Building blocks of a wealthy society: Free Speech (Part 2)

Chloë, our favourite free thinking amateur comedienne, vegan and eco-hippy is back with another guest post:

chloe2

TEA has written before about why we need free speech for a healthy (and wealthy) society but apparently it’s still controversial not to want a government that can control your thoughts and imprison you for disagreeing.

So allow me to make the case for free speech from a different angle and show you how it relates to financial independence.

These are my personal opinions and I’m sure TEA has wisely disowned them all 😉

Political Correctness gone rad

Political Correctness (PC), a term so overused you probably groaned just reading it, is often misunderstood.

If you ask the trustworthy and always objective Guardian columnist Owen Jones (you may address him as Saint Owen of Islington) you’ll hear that PC is just about politeness and respecting people: something you’d only object to if you are LITERALLY HITLER.

Saint Owen expands on this at length in his book, Chavs and The Establishment, available in audiobook and suppository format. By complete co-incidence, Google has the same stance:

Google PC

“Political Correctness gone mad” is a trope used to attack critics of the concept as reactionary, right wing hooligans who subsist on a Greggs-only diet. But I have to inform you, dear reader, that Political Correctness isn’t just about being nice, inclusive and not offending people, it’s about power and control.

Using the Google / Saint Owen definition of political correctness IS political correctness. It’s an attempt to shut down the debate. It’s obviously easier to talk about political correctness as the fight against bigots and racists because that brings more people onside, winning you over with a plea to emotions and your basic human decency.

Where will it end?

On an emotional level, political correctness makes perfect sense. It feels nicer / kinder / easier to avoid difficult subjects.

The problem is that the road to hell is paved with good intentions. And once you start censoring opinions and banning books, you are on the path to labour camps and the gas chamber.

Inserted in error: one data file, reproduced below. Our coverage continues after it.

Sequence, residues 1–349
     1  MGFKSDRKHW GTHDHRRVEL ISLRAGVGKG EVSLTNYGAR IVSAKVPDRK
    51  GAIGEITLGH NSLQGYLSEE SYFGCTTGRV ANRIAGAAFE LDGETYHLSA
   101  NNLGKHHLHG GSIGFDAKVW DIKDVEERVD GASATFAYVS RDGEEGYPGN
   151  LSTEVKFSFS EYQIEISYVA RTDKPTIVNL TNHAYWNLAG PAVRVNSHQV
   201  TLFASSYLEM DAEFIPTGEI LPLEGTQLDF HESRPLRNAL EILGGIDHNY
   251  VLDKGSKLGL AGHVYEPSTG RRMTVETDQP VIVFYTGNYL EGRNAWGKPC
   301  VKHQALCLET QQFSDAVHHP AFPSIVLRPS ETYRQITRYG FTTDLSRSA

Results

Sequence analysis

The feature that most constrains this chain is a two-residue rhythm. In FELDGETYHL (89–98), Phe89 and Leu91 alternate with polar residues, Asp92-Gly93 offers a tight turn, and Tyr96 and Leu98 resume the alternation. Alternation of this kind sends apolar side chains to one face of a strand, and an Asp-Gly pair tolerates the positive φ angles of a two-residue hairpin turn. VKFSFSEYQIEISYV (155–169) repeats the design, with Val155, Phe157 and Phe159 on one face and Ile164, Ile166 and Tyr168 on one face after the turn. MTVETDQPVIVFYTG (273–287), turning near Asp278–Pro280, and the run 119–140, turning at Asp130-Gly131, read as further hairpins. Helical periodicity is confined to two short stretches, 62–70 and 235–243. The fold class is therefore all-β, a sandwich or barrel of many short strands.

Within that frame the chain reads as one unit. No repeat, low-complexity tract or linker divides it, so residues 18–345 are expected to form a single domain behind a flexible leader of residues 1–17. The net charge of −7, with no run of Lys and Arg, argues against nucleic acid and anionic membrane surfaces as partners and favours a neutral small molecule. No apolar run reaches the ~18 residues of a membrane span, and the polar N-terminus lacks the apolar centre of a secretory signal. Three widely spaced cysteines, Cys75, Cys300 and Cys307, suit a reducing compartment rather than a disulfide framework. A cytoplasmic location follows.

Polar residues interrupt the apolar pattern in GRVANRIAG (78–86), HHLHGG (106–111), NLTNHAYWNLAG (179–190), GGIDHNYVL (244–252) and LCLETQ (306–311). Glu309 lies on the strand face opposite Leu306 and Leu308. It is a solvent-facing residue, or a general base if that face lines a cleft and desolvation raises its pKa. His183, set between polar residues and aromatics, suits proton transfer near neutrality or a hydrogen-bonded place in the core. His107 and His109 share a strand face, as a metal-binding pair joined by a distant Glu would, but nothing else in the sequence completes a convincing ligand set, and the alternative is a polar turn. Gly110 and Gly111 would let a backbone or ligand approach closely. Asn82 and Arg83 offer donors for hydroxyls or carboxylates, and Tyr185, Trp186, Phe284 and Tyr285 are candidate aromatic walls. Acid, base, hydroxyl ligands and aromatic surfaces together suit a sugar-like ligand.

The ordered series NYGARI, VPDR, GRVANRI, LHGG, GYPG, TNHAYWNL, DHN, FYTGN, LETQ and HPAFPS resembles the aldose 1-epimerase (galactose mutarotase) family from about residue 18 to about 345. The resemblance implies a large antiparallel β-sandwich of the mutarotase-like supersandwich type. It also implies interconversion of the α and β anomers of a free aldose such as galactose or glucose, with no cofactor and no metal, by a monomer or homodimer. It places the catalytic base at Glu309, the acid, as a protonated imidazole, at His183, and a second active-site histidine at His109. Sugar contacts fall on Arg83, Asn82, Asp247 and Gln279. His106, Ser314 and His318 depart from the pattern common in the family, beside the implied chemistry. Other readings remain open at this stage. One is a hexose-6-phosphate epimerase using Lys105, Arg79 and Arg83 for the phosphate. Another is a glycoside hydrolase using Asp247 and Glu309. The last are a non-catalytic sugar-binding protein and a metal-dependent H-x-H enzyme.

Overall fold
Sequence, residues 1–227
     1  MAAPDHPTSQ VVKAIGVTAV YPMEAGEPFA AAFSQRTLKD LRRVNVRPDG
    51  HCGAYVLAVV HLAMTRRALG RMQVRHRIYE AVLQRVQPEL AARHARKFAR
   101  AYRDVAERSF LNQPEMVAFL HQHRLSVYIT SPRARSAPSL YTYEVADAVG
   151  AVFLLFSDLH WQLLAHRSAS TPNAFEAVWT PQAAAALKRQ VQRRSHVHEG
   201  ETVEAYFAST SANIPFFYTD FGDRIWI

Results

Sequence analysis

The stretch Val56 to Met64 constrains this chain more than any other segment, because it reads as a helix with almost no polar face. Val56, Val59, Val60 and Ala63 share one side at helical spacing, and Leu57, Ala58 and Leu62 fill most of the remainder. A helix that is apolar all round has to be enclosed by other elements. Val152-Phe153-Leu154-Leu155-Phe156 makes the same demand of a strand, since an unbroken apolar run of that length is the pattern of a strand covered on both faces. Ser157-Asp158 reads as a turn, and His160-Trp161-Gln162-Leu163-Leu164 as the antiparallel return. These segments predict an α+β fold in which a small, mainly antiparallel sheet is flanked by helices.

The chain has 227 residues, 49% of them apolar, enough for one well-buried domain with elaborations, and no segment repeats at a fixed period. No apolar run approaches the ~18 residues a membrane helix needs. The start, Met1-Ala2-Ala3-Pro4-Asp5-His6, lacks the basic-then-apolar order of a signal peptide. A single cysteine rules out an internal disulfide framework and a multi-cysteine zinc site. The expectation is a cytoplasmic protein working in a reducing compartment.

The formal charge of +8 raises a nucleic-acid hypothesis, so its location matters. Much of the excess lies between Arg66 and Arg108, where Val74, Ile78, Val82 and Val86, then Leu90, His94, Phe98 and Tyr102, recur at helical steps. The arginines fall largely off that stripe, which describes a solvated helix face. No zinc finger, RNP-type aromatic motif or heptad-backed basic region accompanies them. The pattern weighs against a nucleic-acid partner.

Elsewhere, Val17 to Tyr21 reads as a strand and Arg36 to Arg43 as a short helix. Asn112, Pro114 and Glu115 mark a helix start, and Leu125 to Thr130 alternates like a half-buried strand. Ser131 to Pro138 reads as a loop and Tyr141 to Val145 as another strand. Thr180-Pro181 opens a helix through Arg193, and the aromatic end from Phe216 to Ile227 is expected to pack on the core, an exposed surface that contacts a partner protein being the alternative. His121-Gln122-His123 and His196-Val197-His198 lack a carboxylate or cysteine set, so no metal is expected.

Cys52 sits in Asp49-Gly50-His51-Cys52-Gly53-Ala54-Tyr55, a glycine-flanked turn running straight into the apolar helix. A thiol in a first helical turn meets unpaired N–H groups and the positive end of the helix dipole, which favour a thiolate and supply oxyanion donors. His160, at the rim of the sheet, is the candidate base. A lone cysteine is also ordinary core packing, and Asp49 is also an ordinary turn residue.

The original meaning of political correctness is something that is not objectively true but is claimed for political reasons. This is the side of political correctness that gets hidden. If you look at the history of the term, you see it arise from totalitarian states in the early and mid 20th Century.

According to Wikipedia:

In the early-to-mid 20th century, the phrase politically correct was used to describe strict adherence to a range of ideological orthodoxies within politics. In 1934, The New York Times reported that Nazi Germany was granting reporting permits “only to pure ‘Aryans’ whose opinions are politically correct.”

Political Correctness often leads to unintended consequences. How ironic that Saint Owen’s Labour Party is currently the subject of an official antisemitism investigation.

The role of gatekeepers

Political Correctness can only exist when one group holds a view and the power to enforce that view. People who claim to be better than you either subtly (or not so subtly) tell you what you should and should not think / vote / like.

The Overton Window is the range of opinions you are (currently) allowed to hold – anything outside of that can be dismissed as too extreme without discussion. The Overton Window is enforced by media corporations who act as gatekeepers for what you are (and are not) allowed to see / hear. 

If you still think that news journalists are brave and impartial sleuths seeking the unbiased truth (Bless!) then you probably haven’t seen this Channel 4 News car crash interview:

Who the media allows airtime to shapes The Authorised Narrative.  In other words, the “experts” that we see and the ideas we are allowed to hear.

It’s interesting to note who the BBC will (and won’t) invite onto their platforms on shows such as Question Time or Politics Live.  Socialist Saint Owen Jones and Ash “I’m Literally A Communist” Sarkar are repeatedly invited on these shows (it helps to be young and telegenic) as if they weren’t extremists.